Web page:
Reviewed by: Amy Hinshaw
The summer season is popular for outdoor fun and play for all ages. Summer is also a notorious time for insects to make their way into backyards, hiking trails and dozens of other spaces you and your family soak in the sun.
Bug bites are uncomfortable and sometimes painful for those who explore the outdoors without the proper protection. Taking the necessary precautions can prevent itchy, swelling bumps on the skin’s surface and can also help avoid catching diseases carried by insects.
Learn to identify common summer bug bites, remedies for treating the area and prevention methods to make your summer easier and pain-free.
A few insects you may encounter this summer are ticks, mosquitos, horse flies, fleas and bees. Although most of these little bugs help maintain the life cycle for many plants and other insects in our ecosystem, they can become a hassle to avoid for humans who enjoy spending time outdoors.
Bug bites can take on different shapes, sizes, textures and colors. It can be challenging to identify what type of bug made its mark on the skin by just glancing at it. Being aware of your surroundings can make it easier to know what bit or stung you. If you didn’t notice the insect, look at your bite and see what it could’ve been caused by:
If you can identify what bug bite you have, treatment is the next best step to healing bug bites quickly. Most bites will go away on their own, but we understand that waiting for that day may seem tricky. Remedies for bug bites that itch and swell are easy to apply and typically found in local pharmacies.
The best bug bite relief can depend on the specific bite or sting you sustained:
In bee stings, the stinger can burrow in the skin even after the bee leaves. Use a clean, straight-edged item like a credit card to gently scrape the stinger out. Since venom infuses these stingers, avoid removing them with tweezers or by squeezing so the venom does not penetrate the wound.
After the stinger is out, run the location of the sting under water and clean the area with soap. This step can remove any dirt that could infect the sting. Apply an icepack to the location to reduce swelling for up to 20 minutes at a time. To eliminate discomfort, apply hydrocortisone cream or aloe vera to the sting. These steps should allow a quick healing process.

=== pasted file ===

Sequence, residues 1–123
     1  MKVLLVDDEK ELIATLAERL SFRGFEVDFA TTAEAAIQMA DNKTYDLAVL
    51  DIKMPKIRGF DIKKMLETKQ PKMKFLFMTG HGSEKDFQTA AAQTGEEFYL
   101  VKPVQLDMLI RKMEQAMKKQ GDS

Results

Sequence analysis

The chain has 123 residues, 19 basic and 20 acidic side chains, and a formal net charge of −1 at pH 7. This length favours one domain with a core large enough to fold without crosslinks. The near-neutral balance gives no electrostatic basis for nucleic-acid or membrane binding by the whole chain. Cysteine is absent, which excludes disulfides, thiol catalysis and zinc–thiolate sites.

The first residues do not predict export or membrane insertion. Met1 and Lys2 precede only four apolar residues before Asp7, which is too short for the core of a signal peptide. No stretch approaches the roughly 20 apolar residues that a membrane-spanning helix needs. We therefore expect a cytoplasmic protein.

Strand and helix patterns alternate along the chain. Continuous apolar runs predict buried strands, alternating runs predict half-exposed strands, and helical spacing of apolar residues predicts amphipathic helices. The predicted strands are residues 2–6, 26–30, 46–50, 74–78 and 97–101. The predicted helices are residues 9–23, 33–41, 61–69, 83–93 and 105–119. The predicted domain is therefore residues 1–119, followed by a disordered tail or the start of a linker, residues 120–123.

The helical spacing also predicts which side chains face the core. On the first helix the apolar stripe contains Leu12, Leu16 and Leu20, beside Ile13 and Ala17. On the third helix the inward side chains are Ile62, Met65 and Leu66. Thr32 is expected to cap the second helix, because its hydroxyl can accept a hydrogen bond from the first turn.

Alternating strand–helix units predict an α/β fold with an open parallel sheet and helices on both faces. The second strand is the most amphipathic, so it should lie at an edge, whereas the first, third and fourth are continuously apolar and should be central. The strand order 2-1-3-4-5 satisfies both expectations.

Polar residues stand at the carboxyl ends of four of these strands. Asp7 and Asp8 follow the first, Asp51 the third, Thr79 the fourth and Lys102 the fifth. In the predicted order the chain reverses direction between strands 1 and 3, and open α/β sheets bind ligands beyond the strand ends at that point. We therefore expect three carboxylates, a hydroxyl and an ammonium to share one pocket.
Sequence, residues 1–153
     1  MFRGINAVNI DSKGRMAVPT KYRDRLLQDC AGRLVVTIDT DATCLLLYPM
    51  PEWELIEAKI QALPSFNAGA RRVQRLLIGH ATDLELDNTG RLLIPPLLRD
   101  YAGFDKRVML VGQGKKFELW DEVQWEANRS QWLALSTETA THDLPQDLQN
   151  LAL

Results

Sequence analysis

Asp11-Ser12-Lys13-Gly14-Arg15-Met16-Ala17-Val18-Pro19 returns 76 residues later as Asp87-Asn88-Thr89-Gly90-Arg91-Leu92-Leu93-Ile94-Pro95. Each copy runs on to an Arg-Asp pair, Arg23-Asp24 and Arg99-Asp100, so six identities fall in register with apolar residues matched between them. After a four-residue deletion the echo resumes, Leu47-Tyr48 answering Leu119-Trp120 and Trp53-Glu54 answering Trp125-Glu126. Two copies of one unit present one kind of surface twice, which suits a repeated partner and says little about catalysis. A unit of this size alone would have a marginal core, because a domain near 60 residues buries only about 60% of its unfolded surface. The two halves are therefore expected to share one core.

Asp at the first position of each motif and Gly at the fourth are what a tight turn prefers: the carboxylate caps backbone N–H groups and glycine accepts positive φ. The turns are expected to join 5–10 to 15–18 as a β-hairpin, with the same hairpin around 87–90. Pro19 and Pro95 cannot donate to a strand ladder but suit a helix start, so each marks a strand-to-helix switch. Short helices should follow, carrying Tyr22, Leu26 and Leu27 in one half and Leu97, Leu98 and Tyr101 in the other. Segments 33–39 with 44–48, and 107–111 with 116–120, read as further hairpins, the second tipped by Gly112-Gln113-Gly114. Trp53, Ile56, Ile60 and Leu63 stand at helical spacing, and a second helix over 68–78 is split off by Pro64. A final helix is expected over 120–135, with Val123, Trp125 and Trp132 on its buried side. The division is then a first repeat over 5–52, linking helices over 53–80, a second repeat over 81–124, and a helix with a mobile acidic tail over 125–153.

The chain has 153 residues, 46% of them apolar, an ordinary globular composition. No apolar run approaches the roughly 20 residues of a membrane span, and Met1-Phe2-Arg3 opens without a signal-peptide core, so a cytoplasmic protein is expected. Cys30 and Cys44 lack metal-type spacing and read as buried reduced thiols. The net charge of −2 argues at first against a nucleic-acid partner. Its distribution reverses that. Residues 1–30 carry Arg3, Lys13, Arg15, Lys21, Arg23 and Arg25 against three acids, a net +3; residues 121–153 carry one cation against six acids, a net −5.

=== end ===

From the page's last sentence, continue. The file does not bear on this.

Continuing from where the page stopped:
Treating mosquito bites is similar to playing the waiting game. Try to avoid scratching the bite as much as possible to prevent breaking the skin and causing infection. Like bee stings, washing the bite with soap and water can help remove any bacteria from the area. If the bite location continues to itch, apply an anti-itch or antihistamine cream. Calamine lotion can help to smooth the area and reduce swelling.
A tick bite can sometimes also come with the tick itself. Ticks latch themselves onto the skin until manually removed with fine-tipped tweezers. After the tick releases the skin, treating the area with a cold icepack for 20 minutes every hour can eliminate any swelling or red marks on the skin.
To dispose of the tick, don’t crush it. That could release infection-causing fluids from inside its body. Instead, you can flush the tick down the toilet, put it in a sealed bag, put it in rubbing alcohol or wrap it in tape and throw it out.
A flea bite and a horse fly bite are similar in treatment. Clean the area with soap and water to avoid spreading bacteria from the wound. If itching starts to occur, apply an anti-itch cream. These bites typically heal quickly on their own, but you should try to keep them clean and avoid itching them.
Before going outside, make sure to follow these steps to avoid bug bites:
Young ones are naturally curious about nature and the wildlife around them. Something as innocent as a backyard exploration can lead to uncomfortable bug bites. Follow the advice above and these tips for protecting children and babies from getting bitten:
In an event where a bug bite triggers an allergic reaction or the skin continues to worsen for more than a week, visit Coastal Urgent Care as soon as possible. Our qualified staff of medical professionals can help assess the bite and offer immediate treatment options specialized for your situation. Walk-ins are available seven days a week, or you can schedule an appointment.
Have any questions about our services at our Houma, Louisiana, facility? Contact us today.